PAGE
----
What is a derivative?

Derivatives are interesting financial instruments. They are actually a kind of contract or agreement that helps two parties enter into a transaction for the right or obligation in relation to some asset. For example, one party has to sell something and another party has to buy it. 

These financial instruments are cool because they reduce uncertainty. If you were offered one superpower to choose, and you would choose the ability to predict the future, then derivatives are for you. Of course, they can’t give you a 100% guarantee, nothing can, but they can help you reduce risk in your portfolio if used properly. However, you should note that they are very leveraged instruments so can massively increase risk if used improperly!

Now that you know what a financial derivative is, it’s time to go deeper and learn derivative contract characteristics, which are:

  • the derivative price changes following the value of the underlying asset (rate, commodity, security, credit rating, etc.);
  • the purchase of a derivative typically requires only a small initial cost (ie, they are leveraged);
  • derivatives are settled in the future relative to the moment they are created;
  • derivatives can be traded on an exchange but also over the counter;
  • derivatives require margin to be posted during their life, so you may have to post more money than you initially paid.

The purpose of acquiring a derivative is to hedge price risk over time or to generate income from changes in the value of the underlying asset. But the result can be both positive and negative for the transacting parties.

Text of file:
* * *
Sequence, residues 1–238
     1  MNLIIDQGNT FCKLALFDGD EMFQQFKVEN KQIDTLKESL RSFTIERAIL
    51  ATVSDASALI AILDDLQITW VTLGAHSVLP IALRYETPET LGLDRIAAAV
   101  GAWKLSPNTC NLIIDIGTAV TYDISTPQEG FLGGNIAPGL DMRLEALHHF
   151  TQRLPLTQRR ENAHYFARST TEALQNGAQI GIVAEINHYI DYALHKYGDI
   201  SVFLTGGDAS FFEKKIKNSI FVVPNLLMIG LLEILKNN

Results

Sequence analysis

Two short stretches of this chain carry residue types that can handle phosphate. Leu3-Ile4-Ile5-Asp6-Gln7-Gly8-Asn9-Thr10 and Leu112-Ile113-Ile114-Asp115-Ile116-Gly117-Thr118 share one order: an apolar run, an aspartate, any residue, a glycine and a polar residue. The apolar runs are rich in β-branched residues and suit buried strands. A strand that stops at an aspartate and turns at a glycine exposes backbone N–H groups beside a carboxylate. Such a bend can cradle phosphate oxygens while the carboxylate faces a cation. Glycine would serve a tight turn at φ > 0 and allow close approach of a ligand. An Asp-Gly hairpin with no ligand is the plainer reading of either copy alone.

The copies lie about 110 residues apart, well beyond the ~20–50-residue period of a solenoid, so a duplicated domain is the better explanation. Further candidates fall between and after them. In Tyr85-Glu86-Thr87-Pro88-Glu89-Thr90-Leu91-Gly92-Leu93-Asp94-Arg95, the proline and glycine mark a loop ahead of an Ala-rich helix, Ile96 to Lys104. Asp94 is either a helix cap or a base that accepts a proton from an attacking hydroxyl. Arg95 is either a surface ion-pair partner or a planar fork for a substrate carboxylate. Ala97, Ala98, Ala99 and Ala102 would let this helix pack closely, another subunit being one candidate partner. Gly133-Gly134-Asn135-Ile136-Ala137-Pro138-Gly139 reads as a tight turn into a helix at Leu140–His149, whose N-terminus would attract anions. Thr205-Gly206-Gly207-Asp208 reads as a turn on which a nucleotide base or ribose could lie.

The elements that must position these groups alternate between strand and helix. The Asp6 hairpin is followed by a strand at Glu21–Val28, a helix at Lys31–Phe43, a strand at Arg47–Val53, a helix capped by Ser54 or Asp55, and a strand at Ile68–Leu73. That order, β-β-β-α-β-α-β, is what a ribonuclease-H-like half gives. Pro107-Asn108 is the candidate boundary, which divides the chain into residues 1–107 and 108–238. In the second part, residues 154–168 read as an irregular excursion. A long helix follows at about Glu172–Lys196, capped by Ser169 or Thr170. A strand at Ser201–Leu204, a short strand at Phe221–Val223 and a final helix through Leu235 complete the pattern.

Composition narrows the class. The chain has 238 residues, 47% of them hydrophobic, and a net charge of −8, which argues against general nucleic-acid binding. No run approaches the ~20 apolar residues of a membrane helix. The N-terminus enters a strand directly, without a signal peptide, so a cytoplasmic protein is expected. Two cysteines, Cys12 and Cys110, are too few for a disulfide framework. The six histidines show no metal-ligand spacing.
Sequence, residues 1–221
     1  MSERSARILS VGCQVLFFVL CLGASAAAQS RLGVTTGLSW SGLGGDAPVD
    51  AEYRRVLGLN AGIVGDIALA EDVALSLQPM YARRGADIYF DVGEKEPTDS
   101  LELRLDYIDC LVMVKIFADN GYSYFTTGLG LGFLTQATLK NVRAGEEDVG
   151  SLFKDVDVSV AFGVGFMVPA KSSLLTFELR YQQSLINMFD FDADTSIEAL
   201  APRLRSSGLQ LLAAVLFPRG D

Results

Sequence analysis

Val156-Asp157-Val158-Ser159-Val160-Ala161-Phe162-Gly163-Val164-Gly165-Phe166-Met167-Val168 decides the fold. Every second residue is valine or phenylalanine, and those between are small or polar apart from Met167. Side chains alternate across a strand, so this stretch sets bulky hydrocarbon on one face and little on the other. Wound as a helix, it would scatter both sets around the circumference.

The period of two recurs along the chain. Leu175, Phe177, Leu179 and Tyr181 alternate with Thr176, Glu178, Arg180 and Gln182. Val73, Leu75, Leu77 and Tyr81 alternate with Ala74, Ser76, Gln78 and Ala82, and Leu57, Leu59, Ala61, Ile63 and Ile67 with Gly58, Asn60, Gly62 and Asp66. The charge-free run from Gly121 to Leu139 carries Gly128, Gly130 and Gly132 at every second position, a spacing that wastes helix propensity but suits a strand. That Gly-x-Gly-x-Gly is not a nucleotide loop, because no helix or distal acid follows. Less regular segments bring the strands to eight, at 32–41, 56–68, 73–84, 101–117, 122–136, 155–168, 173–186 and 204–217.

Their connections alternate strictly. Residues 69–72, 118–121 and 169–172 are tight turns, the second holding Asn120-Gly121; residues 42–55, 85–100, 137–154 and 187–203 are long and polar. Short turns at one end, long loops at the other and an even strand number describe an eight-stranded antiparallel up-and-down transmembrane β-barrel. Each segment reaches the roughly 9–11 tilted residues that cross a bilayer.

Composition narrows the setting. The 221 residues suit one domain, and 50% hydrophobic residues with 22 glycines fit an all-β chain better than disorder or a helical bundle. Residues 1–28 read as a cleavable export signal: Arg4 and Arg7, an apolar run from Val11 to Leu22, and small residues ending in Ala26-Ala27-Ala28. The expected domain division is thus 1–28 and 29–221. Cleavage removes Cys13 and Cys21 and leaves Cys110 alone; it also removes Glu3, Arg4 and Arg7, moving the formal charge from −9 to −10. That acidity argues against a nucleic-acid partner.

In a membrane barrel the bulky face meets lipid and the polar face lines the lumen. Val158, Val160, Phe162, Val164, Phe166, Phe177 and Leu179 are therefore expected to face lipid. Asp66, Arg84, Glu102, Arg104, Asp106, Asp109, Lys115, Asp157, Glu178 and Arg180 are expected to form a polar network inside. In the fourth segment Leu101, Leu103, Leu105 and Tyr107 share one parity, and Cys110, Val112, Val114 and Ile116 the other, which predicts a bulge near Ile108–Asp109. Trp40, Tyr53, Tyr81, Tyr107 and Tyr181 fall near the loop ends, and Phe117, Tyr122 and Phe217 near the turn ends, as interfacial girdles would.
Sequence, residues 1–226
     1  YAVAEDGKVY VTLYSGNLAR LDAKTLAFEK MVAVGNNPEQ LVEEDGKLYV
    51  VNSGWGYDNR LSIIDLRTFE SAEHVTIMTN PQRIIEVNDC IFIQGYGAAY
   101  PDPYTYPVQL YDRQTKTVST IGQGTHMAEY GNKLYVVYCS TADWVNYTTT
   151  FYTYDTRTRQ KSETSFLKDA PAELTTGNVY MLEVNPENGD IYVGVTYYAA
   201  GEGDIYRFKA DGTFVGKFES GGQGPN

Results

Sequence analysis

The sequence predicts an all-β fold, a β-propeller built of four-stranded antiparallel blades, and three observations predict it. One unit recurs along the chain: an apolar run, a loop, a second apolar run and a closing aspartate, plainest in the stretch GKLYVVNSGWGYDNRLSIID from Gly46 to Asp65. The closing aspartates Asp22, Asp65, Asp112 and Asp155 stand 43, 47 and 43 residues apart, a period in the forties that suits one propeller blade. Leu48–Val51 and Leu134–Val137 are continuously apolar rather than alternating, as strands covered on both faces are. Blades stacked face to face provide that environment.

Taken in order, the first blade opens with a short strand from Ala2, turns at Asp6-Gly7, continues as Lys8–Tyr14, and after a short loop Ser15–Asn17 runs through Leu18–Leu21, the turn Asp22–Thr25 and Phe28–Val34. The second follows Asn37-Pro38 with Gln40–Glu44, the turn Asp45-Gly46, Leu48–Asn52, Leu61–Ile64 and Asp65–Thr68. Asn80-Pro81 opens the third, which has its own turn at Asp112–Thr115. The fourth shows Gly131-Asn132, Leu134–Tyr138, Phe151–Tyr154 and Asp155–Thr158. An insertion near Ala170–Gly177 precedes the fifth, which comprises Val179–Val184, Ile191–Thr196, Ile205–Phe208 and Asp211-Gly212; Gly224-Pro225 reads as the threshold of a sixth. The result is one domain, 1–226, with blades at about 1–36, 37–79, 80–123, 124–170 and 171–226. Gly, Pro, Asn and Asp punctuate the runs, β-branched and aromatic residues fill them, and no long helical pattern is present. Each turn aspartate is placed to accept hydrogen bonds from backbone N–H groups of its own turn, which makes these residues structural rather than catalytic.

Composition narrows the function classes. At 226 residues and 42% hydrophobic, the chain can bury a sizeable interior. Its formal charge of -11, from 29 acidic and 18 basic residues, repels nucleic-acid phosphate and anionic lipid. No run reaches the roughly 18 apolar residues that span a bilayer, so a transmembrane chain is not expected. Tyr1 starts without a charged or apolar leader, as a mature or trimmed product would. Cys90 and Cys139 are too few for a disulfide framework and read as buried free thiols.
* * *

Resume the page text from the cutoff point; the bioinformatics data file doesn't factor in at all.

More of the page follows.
As a derivative is a contract, there must be some information in writing. So, the contracts are drawn up with terms that can include the following content:

  • name and contract parties;
  • the asset of the derivative and characteristics – the type of security, its price and currency, circulation period, and other conditions;
  • execution price, payment procedure, and number of underlying assets;
  • type of contract (with or without delivery of the asset), the scope of the agreement;
  • terms of agreement execution, the responsibility of the parties, disagreements, and disputes;
  • addresses, signatures, and bank details.

What are the different examples of derivatives?

There’re four examples:

  • futures;
  • forwards;
  • options;
  • swaps.

If these words are no more understandable for you than the elvish language, don’t worry, we are going to break them down.

Forward contracts are a kind of agreement between two parties for the purchase and delivery of some asset in the future. It’s important to mention that the price is agreed upon in advance.

Imagine you’re a farmer and you want to sell oranges. You get a mortgage to hire workers, pay the rent, and all the business stuff. You suggest that when you grow oranges and sell them (based on the current price), your gain will cover the mortgage.